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Reviewing New Jersey’s dram shop laws

| Jul 6, 2018 | Car Accidents |

Given the danger that drunk drivers pose to other motorists in Ocean County, you might question how is that such people are allowed to driver after drinking. You might expect one’s friend or acquaintance to not allow him or her to get behind the wheel after having had one too many, yet what about those establishments that serve alcohol to patrons? Should they share in the liability if those patrons then drive and subsequently cause accidents? Such is the question that many have brought to us here at Silvi, Fedele & Honschke Attorneys at Law. 

Almost every state has adopted statutes referred to as “dram shop laws.” These laws assign vicarious liability to businesses that serve alcohol to drivers who then cause car accidents. The term “dram shop” itself hearkens back to the time period where liquor and other alcoholic beverages were sold by a units known as “drams.” Today it specifies those unique situations where you might be able to go after whomever assisted the driver that hit you in getting drunk.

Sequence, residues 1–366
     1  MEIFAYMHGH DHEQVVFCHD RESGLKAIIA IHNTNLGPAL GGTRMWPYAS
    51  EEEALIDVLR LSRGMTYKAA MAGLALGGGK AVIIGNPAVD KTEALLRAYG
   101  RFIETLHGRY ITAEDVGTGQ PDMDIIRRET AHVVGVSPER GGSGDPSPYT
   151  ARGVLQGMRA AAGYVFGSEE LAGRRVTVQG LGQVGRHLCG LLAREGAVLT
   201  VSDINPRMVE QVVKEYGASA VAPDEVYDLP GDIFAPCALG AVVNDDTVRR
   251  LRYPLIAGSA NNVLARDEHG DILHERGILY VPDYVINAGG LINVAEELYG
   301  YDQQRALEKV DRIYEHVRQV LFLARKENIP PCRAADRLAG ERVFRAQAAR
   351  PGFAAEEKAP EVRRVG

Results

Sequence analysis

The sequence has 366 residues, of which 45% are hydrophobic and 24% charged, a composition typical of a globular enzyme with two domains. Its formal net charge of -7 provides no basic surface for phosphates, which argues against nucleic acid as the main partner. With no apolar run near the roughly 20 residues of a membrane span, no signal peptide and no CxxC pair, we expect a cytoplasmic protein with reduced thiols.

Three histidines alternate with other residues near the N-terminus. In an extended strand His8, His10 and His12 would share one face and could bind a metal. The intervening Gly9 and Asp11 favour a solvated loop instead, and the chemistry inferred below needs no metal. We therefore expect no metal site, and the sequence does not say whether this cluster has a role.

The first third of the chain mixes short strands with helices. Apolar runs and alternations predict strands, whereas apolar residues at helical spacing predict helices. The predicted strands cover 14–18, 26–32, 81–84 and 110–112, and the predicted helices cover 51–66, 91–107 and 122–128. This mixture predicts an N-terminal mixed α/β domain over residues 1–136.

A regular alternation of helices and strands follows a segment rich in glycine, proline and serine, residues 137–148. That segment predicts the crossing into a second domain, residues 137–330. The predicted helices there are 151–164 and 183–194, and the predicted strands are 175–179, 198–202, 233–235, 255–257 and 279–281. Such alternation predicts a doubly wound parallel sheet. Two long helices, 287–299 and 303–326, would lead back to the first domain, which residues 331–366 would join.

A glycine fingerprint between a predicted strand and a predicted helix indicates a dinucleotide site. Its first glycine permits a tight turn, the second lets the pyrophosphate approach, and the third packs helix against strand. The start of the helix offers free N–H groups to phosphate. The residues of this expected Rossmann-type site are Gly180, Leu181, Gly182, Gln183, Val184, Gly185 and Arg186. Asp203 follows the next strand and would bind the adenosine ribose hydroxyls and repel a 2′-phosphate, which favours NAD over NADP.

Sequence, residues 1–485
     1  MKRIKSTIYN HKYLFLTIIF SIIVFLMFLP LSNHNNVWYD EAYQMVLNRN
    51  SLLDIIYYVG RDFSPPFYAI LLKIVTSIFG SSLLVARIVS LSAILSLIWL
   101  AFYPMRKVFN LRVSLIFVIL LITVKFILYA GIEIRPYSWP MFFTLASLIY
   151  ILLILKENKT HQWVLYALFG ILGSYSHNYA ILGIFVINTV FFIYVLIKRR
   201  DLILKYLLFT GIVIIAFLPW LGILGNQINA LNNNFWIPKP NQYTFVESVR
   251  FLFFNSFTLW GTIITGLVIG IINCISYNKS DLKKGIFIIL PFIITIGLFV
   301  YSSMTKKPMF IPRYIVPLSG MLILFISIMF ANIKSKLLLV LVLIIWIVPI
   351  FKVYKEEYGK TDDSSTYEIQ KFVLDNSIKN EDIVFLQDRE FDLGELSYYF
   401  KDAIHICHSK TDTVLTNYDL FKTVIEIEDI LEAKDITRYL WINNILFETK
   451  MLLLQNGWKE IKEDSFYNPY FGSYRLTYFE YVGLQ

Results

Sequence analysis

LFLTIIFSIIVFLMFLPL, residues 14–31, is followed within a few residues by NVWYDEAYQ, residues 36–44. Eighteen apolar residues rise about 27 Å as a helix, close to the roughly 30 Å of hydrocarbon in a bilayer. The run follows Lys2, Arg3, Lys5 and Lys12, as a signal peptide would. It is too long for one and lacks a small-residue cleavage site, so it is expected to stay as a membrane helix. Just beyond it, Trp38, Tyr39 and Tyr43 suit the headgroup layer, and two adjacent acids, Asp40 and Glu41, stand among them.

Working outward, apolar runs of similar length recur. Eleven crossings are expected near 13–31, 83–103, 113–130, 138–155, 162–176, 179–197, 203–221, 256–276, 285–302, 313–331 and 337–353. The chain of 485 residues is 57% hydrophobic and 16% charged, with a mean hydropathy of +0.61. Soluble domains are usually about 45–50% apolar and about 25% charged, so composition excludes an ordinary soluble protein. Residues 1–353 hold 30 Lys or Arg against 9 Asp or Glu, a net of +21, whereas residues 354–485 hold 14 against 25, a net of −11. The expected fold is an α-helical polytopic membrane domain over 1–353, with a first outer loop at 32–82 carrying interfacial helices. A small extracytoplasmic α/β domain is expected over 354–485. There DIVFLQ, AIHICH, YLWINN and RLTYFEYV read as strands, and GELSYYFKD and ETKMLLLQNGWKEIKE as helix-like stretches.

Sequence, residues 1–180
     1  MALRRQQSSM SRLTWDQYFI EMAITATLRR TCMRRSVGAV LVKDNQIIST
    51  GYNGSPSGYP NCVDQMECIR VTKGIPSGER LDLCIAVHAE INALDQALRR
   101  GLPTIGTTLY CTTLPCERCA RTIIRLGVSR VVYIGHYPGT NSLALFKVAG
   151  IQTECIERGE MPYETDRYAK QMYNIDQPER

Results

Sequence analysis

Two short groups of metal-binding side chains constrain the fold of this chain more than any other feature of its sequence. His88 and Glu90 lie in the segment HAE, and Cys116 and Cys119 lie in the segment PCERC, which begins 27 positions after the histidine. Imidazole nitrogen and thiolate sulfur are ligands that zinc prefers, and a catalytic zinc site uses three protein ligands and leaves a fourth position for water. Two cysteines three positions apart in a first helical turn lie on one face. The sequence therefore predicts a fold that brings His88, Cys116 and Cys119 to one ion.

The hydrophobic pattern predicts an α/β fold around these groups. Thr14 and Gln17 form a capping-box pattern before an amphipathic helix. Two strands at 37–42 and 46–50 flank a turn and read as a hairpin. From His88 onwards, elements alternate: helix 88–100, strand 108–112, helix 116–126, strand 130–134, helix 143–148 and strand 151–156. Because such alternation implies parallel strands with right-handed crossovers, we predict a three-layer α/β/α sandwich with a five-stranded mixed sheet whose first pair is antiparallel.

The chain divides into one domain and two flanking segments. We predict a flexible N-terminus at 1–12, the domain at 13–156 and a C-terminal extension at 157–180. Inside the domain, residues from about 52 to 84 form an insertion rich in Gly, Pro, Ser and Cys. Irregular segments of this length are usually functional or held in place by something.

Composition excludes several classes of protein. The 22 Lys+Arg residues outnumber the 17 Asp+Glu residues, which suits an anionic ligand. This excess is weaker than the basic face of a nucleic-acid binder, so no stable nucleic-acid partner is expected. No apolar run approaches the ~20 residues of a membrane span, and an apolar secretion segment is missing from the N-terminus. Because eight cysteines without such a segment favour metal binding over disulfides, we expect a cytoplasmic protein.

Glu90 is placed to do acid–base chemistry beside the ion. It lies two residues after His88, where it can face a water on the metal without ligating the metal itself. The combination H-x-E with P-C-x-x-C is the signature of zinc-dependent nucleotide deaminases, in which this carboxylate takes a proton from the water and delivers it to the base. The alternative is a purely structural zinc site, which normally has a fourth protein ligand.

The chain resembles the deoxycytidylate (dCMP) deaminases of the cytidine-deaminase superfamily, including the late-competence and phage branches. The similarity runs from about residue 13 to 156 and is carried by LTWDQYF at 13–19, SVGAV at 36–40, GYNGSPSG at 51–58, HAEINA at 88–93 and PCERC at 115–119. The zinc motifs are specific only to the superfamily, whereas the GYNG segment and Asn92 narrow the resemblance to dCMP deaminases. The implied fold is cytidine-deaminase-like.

New Jersey’s dram shop law can be found in Section 2A.22A-5 of the state’s statutes. Here it states that in order to hold an establishment responsible in a drunk driving accident, you must first prove the following the elements: 

  • That the server (or other agent of the establishment) knowingly served alcohol to a patron that was already visibly drunk or who he or she knew to be a minor
  • That the accident that resulted was a foreseeable consequence of the decision to serve the patron
  • That your injuries and damages sustained were indeed caused by the decision to serve the patron

You can learn more about assigning liability following a car accident by continuing to explore our site. 

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